It's clear that, although rewards programs can be good for businesses and consumers, the consequences of breaches can be severe. What's recently become obvious is just how big a target loyalty programs are for organized criminal hackers. Even when the accounts aren't easy to crack, fraudsters may be willing to work hard to breach accounts at scale.
In April of this year, a breach was reported at Wipro, one of India's largest IT service companies. Wipro has major retail, government, and industry clients around the world, and, at first, it appeared that the goal of the breach was to gain access to Wipro customers' systems. Investigators found that hackers had been in Wipro's systems for about three years. The sophistication of the attack raised the possibility that it was state-sponsored, perhaps an espionage campaign.
That idea was largely discarded when investigators found that the intruders were after loyalty and gift card programs run by Wipro's clients. Recently, cybersecurity firm RiskIQ published a report of its investigation of the Wipro breach. It says the breach was part of a much larger campaign against dozens of firms in different industries. The "gift card shark" group's motive was to phish their targets' employees, access the targets' networks, and steal data from customer loyalty, employee rewards and gift card programs.
In all, RiskIQ uncovered five separate attack campaigns by the gift card shark group since 2016. Four of them targeted loyalty and rewards programs. RiskIQ found evidence that Best Buy, Staples, GameStop, Darden Restaurants and Expedia were among the dozens of companies targeted by the group. The group also went after money transfer, prepaid services and payment services providers, along with a large group of targets that couldn’t be identified.
Why did this group target loyalty and gift card programs so extensively? The investigators think the goal was to convert rewards points to gift cards and gift cards to currency, then find a way to "transfer funds to more traditional institutions." What was the plan for that money? How much was stolen? Who’s behind the crimes? Security professionals still don’t know.
The time for better rewards program security is now
The lesson of the Wipro breach is that every merchant with a loyalty program needs to take steps now to make the program more secure. As with online card fraud prevention, layers of security are the best defense against rewards program hackers.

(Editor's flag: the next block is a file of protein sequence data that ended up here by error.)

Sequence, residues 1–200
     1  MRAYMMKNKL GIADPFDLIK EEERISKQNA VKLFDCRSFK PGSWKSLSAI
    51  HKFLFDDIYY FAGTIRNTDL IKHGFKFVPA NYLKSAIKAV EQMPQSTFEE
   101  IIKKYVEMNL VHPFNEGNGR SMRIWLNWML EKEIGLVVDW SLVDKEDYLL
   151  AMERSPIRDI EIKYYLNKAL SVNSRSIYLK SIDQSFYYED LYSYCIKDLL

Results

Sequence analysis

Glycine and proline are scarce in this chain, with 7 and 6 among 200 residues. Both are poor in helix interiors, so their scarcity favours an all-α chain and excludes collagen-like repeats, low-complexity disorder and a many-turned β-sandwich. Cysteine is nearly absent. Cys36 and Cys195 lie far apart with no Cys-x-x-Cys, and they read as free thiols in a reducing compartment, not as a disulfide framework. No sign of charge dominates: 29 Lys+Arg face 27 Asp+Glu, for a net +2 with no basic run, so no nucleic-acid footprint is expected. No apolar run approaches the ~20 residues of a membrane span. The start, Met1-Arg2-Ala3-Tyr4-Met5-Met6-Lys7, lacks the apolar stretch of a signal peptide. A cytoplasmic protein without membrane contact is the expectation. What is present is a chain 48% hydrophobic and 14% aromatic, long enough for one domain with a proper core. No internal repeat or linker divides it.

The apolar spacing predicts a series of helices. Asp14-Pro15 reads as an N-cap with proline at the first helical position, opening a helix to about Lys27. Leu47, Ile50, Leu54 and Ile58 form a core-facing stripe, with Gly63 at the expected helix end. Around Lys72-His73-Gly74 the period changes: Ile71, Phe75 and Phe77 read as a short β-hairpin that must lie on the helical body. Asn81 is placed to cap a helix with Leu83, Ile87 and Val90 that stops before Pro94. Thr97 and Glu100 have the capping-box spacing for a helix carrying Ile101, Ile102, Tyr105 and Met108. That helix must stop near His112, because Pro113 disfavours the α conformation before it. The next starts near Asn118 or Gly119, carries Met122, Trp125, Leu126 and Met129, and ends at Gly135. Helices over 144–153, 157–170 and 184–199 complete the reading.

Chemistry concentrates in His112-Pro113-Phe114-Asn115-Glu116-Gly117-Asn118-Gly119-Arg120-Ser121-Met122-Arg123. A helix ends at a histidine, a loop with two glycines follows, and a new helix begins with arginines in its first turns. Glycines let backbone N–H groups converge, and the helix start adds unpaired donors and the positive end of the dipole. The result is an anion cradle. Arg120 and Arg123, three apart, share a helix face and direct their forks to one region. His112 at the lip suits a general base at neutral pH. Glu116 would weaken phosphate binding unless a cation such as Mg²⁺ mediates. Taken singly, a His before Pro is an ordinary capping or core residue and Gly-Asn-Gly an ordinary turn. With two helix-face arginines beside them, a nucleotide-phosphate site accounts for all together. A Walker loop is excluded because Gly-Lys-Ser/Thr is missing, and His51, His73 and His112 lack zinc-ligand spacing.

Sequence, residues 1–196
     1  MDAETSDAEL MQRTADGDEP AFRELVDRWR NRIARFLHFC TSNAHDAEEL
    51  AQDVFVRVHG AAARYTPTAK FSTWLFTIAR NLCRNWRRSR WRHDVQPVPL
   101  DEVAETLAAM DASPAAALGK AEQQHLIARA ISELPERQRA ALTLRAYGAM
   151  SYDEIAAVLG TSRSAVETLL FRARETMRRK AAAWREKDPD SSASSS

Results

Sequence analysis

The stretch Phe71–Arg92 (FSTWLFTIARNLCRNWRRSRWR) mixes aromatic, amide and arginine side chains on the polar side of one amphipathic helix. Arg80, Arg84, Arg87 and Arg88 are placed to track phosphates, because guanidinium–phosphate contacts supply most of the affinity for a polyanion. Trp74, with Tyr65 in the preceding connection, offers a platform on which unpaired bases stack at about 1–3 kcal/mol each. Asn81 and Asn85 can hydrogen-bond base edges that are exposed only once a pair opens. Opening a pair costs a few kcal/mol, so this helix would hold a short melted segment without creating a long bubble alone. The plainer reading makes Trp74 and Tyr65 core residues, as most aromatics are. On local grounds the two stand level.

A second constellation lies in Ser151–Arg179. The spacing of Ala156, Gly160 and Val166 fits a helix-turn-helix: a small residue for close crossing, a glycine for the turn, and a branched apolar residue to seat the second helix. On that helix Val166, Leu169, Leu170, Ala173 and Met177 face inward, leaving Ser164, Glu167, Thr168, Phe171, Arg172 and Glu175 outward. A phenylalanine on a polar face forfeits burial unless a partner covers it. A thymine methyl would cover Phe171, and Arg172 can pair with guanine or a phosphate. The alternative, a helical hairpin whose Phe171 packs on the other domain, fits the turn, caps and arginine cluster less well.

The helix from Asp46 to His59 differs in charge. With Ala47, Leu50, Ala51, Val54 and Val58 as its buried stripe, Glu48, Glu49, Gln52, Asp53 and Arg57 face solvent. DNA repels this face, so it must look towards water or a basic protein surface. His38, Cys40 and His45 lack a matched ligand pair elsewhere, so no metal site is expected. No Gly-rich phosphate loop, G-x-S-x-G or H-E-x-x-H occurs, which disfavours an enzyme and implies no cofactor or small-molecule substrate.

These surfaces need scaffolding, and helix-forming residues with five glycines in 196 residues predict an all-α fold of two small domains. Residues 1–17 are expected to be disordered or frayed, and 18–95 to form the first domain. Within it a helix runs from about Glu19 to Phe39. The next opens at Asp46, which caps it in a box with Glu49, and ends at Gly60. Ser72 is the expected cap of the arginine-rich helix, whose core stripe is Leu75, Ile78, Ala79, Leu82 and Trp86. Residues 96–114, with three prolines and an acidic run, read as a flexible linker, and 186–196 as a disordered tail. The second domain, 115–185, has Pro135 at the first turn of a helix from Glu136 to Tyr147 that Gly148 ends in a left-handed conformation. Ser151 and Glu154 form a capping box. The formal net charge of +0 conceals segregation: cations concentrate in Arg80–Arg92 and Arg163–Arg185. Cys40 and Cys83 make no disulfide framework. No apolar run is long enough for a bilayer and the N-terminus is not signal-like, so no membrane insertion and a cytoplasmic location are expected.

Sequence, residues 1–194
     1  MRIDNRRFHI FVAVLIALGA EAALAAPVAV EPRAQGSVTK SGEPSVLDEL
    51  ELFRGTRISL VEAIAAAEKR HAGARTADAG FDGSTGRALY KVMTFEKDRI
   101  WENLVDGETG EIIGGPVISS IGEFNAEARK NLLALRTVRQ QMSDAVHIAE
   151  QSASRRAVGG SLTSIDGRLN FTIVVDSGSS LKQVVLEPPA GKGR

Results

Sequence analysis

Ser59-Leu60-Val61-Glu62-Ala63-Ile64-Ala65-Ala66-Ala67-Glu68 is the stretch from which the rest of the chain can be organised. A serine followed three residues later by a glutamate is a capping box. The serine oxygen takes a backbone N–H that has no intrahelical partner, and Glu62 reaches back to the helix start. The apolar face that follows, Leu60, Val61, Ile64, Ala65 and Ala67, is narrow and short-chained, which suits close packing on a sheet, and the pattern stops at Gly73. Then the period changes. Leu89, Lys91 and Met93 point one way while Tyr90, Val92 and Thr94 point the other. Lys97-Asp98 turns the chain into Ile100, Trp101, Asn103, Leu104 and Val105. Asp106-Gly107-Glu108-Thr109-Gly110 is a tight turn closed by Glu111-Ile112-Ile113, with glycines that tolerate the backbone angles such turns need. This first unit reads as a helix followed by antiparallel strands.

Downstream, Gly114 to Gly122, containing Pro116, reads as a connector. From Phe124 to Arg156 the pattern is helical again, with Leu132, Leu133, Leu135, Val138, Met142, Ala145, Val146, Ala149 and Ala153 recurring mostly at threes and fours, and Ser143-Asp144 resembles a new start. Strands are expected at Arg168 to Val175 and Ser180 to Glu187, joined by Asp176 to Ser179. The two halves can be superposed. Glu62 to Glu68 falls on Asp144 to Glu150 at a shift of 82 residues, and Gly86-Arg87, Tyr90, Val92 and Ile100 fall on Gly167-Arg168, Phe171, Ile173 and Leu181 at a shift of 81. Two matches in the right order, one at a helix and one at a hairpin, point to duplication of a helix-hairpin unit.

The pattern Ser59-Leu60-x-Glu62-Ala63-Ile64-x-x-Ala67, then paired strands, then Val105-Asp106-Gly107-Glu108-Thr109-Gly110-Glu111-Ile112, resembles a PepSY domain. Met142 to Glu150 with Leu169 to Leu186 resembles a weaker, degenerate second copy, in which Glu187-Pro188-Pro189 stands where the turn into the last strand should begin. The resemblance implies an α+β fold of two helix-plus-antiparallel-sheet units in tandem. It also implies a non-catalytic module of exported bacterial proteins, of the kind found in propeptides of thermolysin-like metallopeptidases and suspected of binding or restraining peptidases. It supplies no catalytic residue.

One step is to tighten the password or PIN complexity requirements for your reward program accounts. A four-digit PIN is not complex enough. Although it takes as long 111 hours to brute force a random four-digit PIN, 20% of PINS are 1234, 0000 or 1111, which can be tested manually in seconds. Rewards program members should also be encouraged to create a unique password for their account that they don't reuse anywhere else.
Encrypting rewards' program member data can reduce the damage done if there is a breach. Although more than 9 million of the payment card numbers exposed in the Marriott-Starwood loyalty program breach were encrypted, more than 5 million customers' passport numbers were not encrypted, leaving them vulnerable to identity theft.
It's also worth considering just how much data your rewards program needs to collect. That's because you must protect it whether you're using it or not. And in the wake of so many breaches, consumers are more wary about sharing information for rewards. A recent Harris Poll found that 76% of US consumers are more likely to join a loyalty program that only requires their name and phone number. Approximately 71% said they'd be less likely to participate if they had to share account information or "other sensitive data."
Finally, it's a good idea to monitor rewards account activity the same way payment card activity is monitored for suspicious activity like purchases close together in time but in different states, or a series of unusual redemptions that don't match past accountholder behavior. When you can identify hacked accounts quickly and alert the customer, you limit the damage to their account, protect your relationship and safeguard your bottom line.